Anyone who shops online or uses a music streaming service will have experienced recommendations. Their accuracy can be surprising at first glance, but these recommendations aren't made by accident. They are based on sophisticated machine learning techniques, pattern analysis and automated decision-making.
Systems like these rely on a technology infrastructure that can import, analyse and interpret huge volumes of data and take appropriate action without the need for human intervention. While this is already a reality for the types of recommendations referenced above, the next step for AI or machine learning technologies is to form an established part of customer service and broader business operations, says Neil Sholay, Head of Oracle Digital, EMEA.
The race for automationMachine learning was high on the agenda at Oracle OpenWorld, with CTO Larry Ellison announcing the addition of machine-learning technology to the Oracle Cloud Platform and into some of Oracle's cloud applications.
The launch of so-called Intelligent Applications represents a major development in the adoption of machine learning technologies across broader business functions, and relieves some of the burden of innovation and development from businesses looking to create services that automate actions based on analysis of employee, customer or financial data.
Furthermore, with Internet of things products and services becoming ever more established, customer data will soon come from a wide range of sources and will be created in exponentially greater volumes. Indeed, Gartner expects 6.4 billion connected things to be in use by 2020. As a result, the race is on for companies to develop AI services to automate processes and take actions based on the massive amount of data signals.
The next great leap
The convergence of machine learning and IOT to enable the next great leap forward in commerce, manufacturing and trade is a prime example of what many refer to as Industry 4.0. The goals for this area of innovation are to provide better, smarter, faster automated services based on more accurate understanding of specific environments.
This is happening right now, and not just in consumer-facing organisations. Healthcare, urban infrastructure management, transportation, industrial manufacturing, consumer services, and more are already benefiting.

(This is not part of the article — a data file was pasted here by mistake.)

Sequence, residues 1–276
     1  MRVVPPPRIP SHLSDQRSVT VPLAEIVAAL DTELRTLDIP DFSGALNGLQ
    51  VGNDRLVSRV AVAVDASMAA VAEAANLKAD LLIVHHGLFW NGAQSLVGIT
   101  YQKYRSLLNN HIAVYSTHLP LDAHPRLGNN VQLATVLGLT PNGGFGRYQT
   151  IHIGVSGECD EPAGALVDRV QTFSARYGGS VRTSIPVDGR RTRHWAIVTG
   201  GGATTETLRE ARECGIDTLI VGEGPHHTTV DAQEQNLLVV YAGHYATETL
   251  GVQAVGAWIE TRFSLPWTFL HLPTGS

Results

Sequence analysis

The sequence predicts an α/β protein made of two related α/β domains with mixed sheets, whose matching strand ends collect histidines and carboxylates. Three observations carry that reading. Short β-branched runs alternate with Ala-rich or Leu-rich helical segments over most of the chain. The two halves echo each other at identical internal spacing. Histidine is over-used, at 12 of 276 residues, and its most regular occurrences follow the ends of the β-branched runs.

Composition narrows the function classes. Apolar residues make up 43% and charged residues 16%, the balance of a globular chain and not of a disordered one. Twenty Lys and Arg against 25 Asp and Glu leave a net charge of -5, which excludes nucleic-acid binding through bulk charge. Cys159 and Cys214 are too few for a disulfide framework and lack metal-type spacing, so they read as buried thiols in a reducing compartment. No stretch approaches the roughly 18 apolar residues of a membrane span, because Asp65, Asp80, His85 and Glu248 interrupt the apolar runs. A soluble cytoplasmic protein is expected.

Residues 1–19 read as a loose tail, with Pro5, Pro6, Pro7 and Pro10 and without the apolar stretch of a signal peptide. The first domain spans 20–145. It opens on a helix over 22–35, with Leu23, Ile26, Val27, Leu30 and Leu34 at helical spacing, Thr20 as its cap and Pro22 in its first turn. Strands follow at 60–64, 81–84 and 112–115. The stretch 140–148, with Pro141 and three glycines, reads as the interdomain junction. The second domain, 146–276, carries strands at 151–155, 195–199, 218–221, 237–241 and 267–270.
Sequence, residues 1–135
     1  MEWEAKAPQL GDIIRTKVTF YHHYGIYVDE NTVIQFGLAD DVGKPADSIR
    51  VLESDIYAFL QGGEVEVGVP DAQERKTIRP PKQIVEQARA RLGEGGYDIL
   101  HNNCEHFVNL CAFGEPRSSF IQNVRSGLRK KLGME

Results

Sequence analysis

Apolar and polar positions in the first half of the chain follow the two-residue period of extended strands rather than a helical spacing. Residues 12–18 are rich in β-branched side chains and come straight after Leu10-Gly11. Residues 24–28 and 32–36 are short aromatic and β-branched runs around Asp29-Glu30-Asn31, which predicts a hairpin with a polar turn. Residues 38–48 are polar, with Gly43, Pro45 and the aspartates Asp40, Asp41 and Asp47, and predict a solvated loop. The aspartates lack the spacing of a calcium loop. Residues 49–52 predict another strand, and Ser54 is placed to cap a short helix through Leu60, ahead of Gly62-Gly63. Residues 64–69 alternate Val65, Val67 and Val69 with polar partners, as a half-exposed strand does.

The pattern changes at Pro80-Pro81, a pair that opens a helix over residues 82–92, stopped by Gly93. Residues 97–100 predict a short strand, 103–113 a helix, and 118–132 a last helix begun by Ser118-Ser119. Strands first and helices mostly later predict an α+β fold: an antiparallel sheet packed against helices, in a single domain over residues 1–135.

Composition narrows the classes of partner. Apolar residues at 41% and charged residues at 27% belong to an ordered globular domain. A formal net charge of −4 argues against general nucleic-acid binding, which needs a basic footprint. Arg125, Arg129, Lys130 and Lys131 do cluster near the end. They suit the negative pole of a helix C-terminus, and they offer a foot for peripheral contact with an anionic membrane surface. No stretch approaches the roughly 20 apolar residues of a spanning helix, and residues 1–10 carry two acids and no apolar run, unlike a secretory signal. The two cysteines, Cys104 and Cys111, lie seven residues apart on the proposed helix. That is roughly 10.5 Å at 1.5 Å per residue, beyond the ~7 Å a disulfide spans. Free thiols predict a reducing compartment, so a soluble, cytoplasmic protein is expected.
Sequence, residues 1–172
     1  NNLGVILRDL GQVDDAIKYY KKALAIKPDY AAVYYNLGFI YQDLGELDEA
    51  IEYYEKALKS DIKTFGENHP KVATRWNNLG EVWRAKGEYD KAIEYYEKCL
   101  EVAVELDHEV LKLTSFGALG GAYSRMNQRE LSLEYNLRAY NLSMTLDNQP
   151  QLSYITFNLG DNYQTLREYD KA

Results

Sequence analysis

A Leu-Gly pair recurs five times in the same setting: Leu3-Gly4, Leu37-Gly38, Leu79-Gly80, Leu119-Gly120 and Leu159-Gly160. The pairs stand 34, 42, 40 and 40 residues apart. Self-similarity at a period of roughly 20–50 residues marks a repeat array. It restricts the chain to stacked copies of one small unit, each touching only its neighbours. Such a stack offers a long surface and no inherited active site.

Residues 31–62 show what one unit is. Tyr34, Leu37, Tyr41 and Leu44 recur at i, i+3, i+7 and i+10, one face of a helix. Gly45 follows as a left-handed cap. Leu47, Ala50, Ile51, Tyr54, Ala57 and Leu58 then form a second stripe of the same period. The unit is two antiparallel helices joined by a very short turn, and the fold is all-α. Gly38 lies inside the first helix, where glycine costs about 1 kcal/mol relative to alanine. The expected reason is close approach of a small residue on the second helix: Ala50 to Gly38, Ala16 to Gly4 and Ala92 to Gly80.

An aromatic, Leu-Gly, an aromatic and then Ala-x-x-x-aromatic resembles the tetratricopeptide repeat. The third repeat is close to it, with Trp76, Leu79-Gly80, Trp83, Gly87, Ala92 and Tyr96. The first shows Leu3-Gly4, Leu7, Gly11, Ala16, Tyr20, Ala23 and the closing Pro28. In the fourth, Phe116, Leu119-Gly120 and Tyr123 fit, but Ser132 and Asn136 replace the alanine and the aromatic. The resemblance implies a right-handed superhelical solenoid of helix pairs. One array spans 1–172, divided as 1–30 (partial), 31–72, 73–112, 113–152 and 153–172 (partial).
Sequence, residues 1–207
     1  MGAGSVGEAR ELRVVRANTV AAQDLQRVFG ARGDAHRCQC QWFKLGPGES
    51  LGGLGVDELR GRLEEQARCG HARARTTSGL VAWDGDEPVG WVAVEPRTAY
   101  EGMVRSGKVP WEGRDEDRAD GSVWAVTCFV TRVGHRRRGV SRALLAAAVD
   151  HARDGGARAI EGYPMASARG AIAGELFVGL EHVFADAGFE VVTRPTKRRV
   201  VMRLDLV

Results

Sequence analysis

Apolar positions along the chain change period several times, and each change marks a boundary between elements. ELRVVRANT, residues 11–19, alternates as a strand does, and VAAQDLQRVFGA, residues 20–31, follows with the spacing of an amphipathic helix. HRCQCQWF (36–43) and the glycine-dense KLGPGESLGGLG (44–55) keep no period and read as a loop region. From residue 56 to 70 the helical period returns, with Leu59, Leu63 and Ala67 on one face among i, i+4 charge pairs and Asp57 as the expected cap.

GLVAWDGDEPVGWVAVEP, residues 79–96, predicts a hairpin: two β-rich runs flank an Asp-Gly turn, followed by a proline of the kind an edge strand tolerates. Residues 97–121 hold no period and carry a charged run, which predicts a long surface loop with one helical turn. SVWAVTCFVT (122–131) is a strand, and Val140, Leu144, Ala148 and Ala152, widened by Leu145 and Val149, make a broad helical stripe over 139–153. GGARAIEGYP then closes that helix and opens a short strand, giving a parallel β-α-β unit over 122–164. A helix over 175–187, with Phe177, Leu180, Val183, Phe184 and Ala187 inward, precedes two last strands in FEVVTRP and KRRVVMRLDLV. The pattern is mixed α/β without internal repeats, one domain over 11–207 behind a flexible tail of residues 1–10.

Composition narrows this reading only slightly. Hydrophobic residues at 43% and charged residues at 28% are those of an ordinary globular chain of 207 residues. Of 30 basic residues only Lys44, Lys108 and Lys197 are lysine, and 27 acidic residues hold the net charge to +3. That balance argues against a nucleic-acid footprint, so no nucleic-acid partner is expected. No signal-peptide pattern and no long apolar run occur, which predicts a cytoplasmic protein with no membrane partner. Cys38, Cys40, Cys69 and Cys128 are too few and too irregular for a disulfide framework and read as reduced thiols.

In healthcare, real-time monitoring coupled with feedback on behaviours could result in improved personalised treatments and more efficient spending. In agriculture, more accurate and hyper-localised weather prediction could help farmers obtain greater yields at lower cost.
Many organisations understand that machine learning and automated services are essential in making the most of the massive amount of data that will flood in as the IOT takes hold. In fact, our recent research found that 62% of businesses are currently implementing or plan to implement AI in the near future.
Where to start?
To be able to effectively implement and enjoy the benefits of automated AI solutions, companies must have technology systems that are as cohesive and flexible as possible. The best way to achieve this is by taking an integrated approach that combines Compute Services and Cloud Platforms, meaning that data can flow easily between different tools and functions.
More than half (56%) of the organisations we polled understand the importance of integrating these cloud functions in order to capitalize on AI.
In the age of Industry 4.0, data is an organisation's most important asset, and making the best use of it should be a priority. An integrated cloud strategy can ensure all data is used to its fullest potential.
Those organisations that fail to embrace the new AI-enabled world of Industry 4.0 are in danger of being left behind. And with the current speed of change, this could happen sooner rather than later.
Our comments policy does not allow anonymous postings. Read the policy here